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I have run GNU/Linux since 0.99, and it is only in the most recent years that I have seen kswapd use any serious CPU-time.

In ye olde days the swapsystem would be waiting for the disk and hardly use any CPU time while waiting for the disk to respond.

What changed, so that kswapd now happily eats almost a full core?

What is kswapd doing that is so CPU heavy?

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One of my systems uses zswap, and that can explain why kswapd uses CPU on that system: It compresses RAM, which obviously will take serious CPU time. I have see it use 800% CPU on that.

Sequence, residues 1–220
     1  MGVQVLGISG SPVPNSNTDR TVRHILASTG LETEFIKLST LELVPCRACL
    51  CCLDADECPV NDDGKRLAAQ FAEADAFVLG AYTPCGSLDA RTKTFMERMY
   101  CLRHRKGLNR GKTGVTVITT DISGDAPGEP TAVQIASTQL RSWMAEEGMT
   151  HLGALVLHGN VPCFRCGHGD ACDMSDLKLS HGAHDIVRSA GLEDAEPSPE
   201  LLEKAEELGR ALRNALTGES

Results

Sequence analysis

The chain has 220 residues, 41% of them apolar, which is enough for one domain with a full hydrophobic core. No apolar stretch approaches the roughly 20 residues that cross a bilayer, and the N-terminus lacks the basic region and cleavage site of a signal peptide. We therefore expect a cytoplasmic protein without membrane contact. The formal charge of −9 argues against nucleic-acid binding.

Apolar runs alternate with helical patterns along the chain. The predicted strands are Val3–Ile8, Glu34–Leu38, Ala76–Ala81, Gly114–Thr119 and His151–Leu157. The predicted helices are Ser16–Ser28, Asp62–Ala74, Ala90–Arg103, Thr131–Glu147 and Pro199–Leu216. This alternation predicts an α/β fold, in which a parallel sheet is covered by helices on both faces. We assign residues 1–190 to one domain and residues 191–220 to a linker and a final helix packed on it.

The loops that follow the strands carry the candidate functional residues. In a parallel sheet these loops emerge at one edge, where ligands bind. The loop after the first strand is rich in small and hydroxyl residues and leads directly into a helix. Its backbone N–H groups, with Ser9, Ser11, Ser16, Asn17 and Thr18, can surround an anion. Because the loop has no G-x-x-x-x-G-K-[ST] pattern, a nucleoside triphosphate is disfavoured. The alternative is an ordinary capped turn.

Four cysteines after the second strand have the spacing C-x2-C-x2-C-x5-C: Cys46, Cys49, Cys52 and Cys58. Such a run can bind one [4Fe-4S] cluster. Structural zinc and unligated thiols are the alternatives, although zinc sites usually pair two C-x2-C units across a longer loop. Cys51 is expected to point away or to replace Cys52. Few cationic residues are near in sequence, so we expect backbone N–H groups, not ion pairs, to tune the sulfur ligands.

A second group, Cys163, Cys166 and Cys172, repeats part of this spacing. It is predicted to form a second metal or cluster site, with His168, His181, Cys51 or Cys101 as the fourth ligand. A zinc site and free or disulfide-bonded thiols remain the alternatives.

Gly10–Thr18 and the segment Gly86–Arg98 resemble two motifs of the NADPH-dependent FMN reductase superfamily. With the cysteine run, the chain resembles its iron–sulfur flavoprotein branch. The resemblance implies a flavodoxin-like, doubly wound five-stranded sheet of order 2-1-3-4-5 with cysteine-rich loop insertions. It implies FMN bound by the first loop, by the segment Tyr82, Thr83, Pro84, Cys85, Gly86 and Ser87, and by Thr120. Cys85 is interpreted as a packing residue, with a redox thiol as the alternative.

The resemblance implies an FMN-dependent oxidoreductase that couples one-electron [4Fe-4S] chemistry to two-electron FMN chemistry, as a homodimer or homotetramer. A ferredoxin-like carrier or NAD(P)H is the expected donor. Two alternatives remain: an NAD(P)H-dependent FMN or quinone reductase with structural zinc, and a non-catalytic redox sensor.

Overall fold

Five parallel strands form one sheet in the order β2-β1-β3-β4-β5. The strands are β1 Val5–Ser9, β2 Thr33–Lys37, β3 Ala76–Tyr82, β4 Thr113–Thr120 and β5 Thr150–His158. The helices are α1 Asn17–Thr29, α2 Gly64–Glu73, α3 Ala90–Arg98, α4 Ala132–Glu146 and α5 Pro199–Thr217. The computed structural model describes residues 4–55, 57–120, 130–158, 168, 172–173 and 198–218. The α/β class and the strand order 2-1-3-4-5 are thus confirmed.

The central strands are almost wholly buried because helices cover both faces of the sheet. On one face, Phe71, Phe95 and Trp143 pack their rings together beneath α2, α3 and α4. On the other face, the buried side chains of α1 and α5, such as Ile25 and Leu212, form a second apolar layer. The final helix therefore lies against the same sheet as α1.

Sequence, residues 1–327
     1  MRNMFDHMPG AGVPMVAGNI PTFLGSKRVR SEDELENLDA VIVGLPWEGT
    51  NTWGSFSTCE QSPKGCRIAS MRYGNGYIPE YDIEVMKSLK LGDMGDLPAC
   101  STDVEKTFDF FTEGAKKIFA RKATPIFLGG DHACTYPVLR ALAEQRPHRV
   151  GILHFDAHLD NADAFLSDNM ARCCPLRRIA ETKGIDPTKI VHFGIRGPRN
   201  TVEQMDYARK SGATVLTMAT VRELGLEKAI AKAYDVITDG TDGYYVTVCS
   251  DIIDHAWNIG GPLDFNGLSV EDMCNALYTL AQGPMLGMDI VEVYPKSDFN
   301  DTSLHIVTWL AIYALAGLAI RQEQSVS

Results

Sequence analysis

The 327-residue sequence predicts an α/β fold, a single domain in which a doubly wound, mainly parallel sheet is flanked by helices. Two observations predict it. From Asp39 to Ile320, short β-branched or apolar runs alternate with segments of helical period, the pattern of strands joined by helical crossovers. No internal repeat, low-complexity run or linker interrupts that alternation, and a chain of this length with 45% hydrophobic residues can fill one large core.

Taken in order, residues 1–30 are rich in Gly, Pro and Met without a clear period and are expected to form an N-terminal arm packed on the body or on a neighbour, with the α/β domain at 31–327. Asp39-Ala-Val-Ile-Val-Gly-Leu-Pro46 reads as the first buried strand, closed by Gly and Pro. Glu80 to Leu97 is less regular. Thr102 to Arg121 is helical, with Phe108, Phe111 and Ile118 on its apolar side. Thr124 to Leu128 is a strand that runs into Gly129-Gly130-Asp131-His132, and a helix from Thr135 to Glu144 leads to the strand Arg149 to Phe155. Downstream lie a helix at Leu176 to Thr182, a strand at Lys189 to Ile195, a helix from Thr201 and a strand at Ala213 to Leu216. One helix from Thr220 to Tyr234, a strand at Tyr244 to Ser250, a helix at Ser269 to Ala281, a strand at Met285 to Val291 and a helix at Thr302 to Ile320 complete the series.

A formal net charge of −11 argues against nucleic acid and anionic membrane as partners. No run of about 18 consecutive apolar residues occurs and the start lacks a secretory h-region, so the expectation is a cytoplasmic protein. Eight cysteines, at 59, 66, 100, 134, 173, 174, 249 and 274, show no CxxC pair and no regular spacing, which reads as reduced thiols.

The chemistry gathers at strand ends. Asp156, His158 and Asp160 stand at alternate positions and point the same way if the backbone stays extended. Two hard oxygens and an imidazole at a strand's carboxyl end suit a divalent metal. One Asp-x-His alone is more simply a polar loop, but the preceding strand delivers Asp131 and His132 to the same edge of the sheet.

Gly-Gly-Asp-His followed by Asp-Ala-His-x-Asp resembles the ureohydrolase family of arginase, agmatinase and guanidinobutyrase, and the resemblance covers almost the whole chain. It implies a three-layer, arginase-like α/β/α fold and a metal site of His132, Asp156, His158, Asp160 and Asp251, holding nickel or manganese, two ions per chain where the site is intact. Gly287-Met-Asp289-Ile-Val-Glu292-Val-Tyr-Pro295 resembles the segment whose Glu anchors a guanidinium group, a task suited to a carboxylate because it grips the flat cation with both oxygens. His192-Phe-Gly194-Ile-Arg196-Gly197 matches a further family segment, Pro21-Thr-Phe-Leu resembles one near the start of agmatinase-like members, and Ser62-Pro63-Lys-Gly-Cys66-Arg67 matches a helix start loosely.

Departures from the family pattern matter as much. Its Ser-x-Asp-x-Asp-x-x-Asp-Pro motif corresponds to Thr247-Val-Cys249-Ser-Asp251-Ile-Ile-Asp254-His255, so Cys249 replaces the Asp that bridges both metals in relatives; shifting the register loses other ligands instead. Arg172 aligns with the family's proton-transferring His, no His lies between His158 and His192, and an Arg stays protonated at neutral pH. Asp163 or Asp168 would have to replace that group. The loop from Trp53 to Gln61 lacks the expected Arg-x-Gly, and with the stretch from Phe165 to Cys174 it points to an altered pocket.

But I have the feeling this is not the only thing that costs serious CPU time.

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  • Why does anyone have swap enabled these days when RAM is so affordable? – LinuxSecurityFreak May 11 '20 at 11:08
  • An upgrade from 0.5T to 1T would on my R815-server costs around 2500 USD. I paid less than 1000 USD for the full 0.5T server. The server does not support more than 1T RAM, so I will be hitting that limit anyway; not all the time but now and then. My laptop is even worse: It does not even support 0.5T, so it would be impossible to install 0.5T in it. Thus zswap + swap seems to be the only option. – Ole Tange May 11 '20 at 11:32

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